Re: US immigration records in early 19th century #usa

Sally Bruckheimer <sallybruc@...>

Karen replied, "

You may be searching the right way however it was probably too early to obtain the information you want from those records. According to this Ellis Island link about researching U.S. immigration records, it seems:

The person's birthplace was not requested on ships' lists until 1906."

This was common, and most passenger lists had very little or no information, but you never know. My ggrandmother came to the US, alone, at age 11, in 1858 - very much before 1906 - and her passenger list had her place of birth. Since I had her parents' names from her death record, I ordered the bmd from LDS for that town (luckily they had the right years). And despite the fact that she had a very common name (Sara Hirsch) and the passenger list said she was 8 years old, her parents were right and her birth date was right. Later I found that her sister came also, in 1870 - also before 1906, and also with the same birth place.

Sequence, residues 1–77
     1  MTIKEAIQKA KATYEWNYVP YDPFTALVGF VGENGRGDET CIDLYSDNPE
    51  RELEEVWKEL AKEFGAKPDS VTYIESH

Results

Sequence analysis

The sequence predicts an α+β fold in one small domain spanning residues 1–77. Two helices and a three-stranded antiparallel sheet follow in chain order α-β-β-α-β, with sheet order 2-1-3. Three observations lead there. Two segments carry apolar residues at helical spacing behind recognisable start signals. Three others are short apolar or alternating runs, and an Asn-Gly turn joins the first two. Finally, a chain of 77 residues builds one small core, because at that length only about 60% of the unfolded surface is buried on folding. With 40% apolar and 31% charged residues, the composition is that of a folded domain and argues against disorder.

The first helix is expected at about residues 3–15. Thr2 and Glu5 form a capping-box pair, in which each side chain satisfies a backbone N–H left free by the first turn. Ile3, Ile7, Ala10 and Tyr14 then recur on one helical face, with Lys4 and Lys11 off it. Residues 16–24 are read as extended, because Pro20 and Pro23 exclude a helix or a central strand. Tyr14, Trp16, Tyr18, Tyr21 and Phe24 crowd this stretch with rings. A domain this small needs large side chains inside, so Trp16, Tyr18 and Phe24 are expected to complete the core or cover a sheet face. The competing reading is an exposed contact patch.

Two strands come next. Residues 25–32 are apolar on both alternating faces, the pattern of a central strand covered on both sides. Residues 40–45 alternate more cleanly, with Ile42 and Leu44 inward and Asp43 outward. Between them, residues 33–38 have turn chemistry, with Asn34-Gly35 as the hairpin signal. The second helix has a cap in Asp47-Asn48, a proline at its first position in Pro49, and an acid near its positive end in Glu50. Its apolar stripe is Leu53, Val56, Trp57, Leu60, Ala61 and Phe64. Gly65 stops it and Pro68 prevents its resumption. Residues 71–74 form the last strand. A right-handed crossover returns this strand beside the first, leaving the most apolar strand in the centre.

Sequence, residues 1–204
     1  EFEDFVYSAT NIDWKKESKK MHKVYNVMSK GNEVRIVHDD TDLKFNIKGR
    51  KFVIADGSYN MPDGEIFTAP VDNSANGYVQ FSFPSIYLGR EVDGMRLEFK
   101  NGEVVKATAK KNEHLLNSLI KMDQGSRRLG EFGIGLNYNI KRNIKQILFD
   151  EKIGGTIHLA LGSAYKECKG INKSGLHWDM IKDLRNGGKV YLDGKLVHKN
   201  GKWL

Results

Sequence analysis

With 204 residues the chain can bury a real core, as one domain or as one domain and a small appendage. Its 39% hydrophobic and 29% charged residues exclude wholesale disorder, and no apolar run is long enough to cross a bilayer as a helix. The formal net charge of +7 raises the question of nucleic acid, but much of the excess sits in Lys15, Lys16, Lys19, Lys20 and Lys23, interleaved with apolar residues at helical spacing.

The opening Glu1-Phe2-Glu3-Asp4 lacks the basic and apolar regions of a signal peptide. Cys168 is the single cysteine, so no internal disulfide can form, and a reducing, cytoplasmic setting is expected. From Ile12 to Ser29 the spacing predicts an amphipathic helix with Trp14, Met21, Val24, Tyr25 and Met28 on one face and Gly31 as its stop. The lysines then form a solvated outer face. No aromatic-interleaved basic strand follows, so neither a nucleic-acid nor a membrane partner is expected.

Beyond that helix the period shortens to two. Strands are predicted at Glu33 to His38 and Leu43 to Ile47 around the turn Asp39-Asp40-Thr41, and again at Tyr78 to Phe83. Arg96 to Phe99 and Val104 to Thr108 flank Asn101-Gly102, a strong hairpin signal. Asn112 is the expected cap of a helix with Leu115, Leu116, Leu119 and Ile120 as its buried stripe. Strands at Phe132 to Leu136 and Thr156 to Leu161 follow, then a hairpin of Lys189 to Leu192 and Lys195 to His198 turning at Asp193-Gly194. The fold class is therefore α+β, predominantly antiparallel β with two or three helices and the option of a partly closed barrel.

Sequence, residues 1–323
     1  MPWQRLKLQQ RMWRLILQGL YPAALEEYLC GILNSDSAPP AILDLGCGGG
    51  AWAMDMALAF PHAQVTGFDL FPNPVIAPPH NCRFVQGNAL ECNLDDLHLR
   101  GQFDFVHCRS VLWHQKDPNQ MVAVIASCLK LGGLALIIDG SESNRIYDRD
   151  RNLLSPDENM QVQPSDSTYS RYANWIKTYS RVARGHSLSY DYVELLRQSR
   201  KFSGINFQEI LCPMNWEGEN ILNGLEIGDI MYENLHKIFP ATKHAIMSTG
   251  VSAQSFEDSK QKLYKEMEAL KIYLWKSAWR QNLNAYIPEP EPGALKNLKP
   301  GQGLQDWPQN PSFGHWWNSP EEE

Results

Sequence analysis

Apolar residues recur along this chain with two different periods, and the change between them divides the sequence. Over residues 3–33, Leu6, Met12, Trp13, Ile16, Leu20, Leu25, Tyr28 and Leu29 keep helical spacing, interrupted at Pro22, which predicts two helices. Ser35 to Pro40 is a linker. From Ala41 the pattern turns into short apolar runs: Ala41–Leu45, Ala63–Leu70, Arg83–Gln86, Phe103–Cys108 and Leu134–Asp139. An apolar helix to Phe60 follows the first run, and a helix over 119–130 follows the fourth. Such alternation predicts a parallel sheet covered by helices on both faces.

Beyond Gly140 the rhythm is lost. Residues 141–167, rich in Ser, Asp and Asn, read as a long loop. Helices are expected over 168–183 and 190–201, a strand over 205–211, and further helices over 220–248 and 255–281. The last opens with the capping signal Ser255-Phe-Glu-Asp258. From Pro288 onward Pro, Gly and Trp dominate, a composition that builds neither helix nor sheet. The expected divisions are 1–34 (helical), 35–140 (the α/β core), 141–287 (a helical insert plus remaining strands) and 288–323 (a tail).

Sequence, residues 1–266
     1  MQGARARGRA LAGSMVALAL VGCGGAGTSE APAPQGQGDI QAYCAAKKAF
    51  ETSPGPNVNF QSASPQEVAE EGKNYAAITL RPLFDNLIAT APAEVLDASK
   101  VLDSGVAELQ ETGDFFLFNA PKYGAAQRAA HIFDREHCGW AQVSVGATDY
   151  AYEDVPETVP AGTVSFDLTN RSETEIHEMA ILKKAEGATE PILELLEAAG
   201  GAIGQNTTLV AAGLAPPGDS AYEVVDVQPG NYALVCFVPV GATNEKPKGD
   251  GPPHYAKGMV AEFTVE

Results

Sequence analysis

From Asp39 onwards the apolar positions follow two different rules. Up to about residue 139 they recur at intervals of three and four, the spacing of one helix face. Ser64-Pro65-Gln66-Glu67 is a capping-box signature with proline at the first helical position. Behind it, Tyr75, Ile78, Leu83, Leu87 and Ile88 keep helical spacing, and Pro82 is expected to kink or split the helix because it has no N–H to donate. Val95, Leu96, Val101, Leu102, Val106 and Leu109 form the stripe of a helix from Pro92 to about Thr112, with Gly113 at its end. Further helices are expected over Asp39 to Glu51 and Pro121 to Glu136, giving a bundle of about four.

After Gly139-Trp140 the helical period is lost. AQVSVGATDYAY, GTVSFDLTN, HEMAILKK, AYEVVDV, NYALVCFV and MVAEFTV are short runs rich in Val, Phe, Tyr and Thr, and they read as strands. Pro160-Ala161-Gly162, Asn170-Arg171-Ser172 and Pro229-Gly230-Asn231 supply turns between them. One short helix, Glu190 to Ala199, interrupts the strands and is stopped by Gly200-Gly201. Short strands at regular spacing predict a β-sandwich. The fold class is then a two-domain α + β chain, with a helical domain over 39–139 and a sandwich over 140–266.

The bottom line is that you never know until you find the record.

Sally Bruckheimer
Princeton, NJ

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